Reel Report

Arthur Christmas

Voices of James McAvoy, Hugh Laurie

UK-based Aardman Studios became famous for Nick Park’s stop motion animated misadventures of a claymation man and his dog, or Wallace & Gromit as they’re better known. All together, this twosome’s short adventures bagged two Academy Awards and helped launch the studio into feature filmmaking. The box office success of Chicken Run led to Aardman trying their hand at computer animation. The result was Flushed Away. Now comes their second feature computer-animated movie, Arthur Christmas.

In this PG-rated family flick, Santa’s son Arthur (McAvoy) throws a wrench in the works of the North Pole’s stream-lined, high-tech operation by trying to complete an urgent mission before Christmas morning dawns. The Plus: The players. Ardman went on to win the Oscar for Best Animated Feature for Wallace & Gromit: Curse of the Were-Rabbit. Here, they’ve assembled the vocal talents of McAvoy (X-Men: First Class), Laurie (Fox’s House), Bill Nighy (Rango), Jim Broadbent (Indiana Jones and the Kingdom of the Crystal Skull), Imelda Staunton (Harry Potter and the Half Blood Prince), Eva Longoria (ABC’s Desperate Housewives), Laura Linney (Showtime’s The C Word), Michael Palin (A Fish Called Wanda), Robbie Coltrane (Harry Potter and the Deathly Hallows – Part 2), Joan Cusack (Toy Story 3), Rhys Darby (Yes Man), Andy Serkis (Rise of the Planet of the Apes), and Dominic West (Johnny English Reborn). The Minus: The competition. In terms of box office and quality, Aardman still has a long way to go to beat Pixar, which gave moviegoers Toy Story 3, an Oscar winner and the highest earning animated movie of all time.

Hugo

Asa Butterfield, Chloe Moretz

(For coverage on the following flicks, please turn to “Jeff Boam’s Holiday Movie Preview” on page 16).

The Muppets

Jason Segel, Amy Adams

(Why didn’t you turn the page already?! That’s it, for every second you waste, a Muppet dies).

Reviews

The Twilight Saga: Breaking Dawn – Part 1

Robert Pattinson, Kristen Stewart

An overlong Bella Swan song, Breaking Dawn – Part 1 vamps up the visuals, but defangs the thrills for what’s turned into the soapiest monster tale since Dark Shadows. But let’s be honest. These adaptations of the popular teen vampire series have never aimed for Harry Potter heights in terms of quality storytelling and blockbusting action. They’ve been faithful to Stephenie Meyer’s best-selling series, which is more about moody high school angst than monster mash-ups. Based on the rabidly dedicated fan base, however, it’s sure to be a lucrative trip to the blood bank for Summit Entertainment.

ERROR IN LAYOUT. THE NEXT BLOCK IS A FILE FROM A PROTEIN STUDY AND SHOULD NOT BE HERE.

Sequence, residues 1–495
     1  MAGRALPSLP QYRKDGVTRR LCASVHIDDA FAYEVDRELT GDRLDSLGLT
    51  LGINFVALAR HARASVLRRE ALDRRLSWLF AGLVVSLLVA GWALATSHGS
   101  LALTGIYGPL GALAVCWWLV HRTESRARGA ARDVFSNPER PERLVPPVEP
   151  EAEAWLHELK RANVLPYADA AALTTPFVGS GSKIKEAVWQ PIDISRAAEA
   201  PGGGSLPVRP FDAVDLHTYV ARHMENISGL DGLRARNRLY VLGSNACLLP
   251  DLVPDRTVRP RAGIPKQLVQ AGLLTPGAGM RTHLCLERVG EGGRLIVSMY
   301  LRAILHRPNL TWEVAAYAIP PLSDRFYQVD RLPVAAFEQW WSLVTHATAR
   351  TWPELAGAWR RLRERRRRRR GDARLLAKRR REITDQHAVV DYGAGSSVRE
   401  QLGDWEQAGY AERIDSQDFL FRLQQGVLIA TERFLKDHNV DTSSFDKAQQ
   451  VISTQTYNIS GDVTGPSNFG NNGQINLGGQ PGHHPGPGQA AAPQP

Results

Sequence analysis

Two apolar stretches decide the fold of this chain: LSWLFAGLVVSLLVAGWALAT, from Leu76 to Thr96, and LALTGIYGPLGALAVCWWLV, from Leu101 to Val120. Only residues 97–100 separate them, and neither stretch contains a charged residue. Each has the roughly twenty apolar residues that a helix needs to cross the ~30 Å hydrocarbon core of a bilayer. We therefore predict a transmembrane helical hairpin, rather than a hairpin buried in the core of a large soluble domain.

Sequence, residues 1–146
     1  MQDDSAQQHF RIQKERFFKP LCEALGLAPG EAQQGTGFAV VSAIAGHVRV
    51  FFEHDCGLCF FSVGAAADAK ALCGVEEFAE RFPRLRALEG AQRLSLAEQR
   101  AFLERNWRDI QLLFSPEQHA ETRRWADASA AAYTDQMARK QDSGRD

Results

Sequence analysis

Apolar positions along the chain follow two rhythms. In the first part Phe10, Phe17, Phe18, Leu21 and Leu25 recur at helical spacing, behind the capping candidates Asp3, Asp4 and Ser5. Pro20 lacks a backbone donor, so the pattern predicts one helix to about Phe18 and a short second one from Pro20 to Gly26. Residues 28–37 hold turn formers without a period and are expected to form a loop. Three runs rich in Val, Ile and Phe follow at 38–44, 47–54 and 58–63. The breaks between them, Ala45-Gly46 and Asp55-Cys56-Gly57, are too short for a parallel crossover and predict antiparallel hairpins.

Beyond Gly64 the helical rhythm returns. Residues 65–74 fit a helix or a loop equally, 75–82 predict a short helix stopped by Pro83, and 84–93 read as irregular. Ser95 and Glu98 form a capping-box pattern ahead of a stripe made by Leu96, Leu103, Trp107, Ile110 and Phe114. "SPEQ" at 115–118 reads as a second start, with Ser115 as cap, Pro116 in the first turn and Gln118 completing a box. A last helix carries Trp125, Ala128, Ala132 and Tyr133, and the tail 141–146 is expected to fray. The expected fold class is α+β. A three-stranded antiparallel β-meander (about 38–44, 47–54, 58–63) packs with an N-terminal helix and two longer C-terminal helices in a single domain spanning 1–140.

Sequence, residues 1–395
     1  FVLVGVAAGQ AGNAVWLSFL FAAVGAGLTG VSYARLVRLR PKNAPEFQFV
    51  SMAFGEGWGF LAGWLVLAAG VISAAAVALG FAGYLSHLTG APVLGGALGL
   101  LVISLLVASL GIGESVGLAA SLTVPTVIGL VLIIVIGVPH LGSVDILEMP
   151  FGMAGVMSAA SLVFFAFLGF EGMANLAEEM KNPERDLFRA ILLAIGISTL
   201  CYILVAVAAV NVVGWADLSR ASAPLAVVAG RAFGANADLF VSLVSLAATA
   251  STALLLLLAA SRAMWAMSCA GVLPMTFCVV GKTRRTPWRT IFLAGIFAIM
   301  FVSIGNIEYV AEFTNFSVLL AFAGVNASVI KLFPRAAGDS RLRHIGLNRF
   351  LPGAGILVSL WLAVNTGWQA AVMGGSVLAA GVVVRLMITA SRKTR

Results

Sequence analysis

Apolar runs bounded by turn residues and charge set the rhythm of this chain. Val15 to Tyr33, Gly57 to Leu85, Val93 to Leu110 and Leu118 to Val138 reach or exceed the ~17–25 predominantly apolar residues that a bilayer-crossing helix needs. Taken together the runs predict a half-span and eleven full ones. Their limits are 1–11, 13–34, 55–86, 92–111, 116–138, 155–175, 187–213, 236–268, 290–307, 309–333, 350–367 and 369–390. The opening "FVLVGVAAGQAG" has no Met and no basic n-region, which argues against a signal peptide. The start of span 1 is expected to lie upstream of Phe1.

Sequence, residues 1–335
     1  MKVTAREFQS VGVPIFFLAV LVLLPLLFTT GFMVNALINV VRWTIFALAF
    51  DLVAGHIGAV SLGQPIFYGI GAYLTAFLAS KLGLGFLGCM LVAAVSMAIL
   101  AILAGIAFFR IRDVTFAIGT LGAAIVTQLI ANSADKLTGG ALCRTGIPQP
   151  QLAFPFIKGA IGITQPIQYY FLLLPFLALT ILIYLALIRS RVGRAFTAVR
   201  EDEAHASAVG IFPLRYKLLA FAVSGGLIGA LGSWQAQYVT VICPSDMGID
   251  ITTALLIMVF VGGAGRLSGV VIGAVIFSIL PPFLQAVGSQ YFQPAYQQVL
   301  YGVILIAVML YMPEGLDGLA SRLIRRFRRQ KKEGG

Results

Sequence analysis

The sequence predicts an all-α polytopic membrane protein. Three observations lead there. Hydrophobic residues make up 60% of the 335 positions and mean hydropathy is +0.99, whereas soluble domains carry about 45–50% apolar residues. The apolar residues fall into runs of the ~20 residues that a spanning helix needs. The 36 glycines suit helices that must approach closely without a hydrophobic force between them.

In this first chapter of the PG-13-rated two-part conclusion, mortal Bella (Stewart) and vampire Edward (Pattinson) consummate their love – unaware of the effects it will have on themselves and werewolf Jacob (Taylor Lautner).

True, these movies have gotten progressively better, but that’s as empty an accolade as being crowned Oz’s Tallest Munchkin. The one thing that the first movie got right was the casting. Stewart, Pattinson, and Lautner brood like the best of them and Oscar-nominated director Bill Condon gives them a lot to brood about, Bella’s abstinence going the way of the dodo. But not a lot happens. Still, despite some lush aesthetics (this is certainly the best looking Twilight), Breaking Dawn feels quite padded. The characters and moviegoers spend a lot of the movie sitting around and waiting for something to happen. Granted, that ‘something’ is a corker, but some screenplay nips and tucks could’ve provided one exciting conclusion as opposed to this unnecessarily long two-part goodbye. Bottom line: Breaking not bad.

Happy Feet Two

Voices of Elijah Wood, Robin Williams

Mo small feat, cold leftover Happy Feet Two defrosts some age-old morals for a glacial spectacle. Dancing in place, this flightless water fowl musical makes practically the same moves as its forebear, moralizing on everything from turtle soup to seal nuts. It takes a village. Everybody has a place in the world. All you need is love. Oh, the ecology! Thank god for the musical interludes, however. Even the most persnickety movie reviewer can’t help but tap their toes when the energetic song and dance numbers drop. When it moves, you move – just like that. There’s no denying that it’s more of the same darn thing.

In this PG-rated redo of the animated family musical, dancing penguin Mumbles (Wood) has a son who isn’t interested in hoofing it, but they must put aside their differences once the penguin nation gets trapped by ice.

With photo-realistic animation and an ear-popping jukebox songbook, the scenery is breathtaking even if it’s crumbling beneath the character’s feet. Ah, but there’s the rub! Moviegoers were spoon-fed this and the other ones-to-grow-on the last go-round, which sorta kinda serves up a frostbitten dish. Did the wheel need to be re-invented?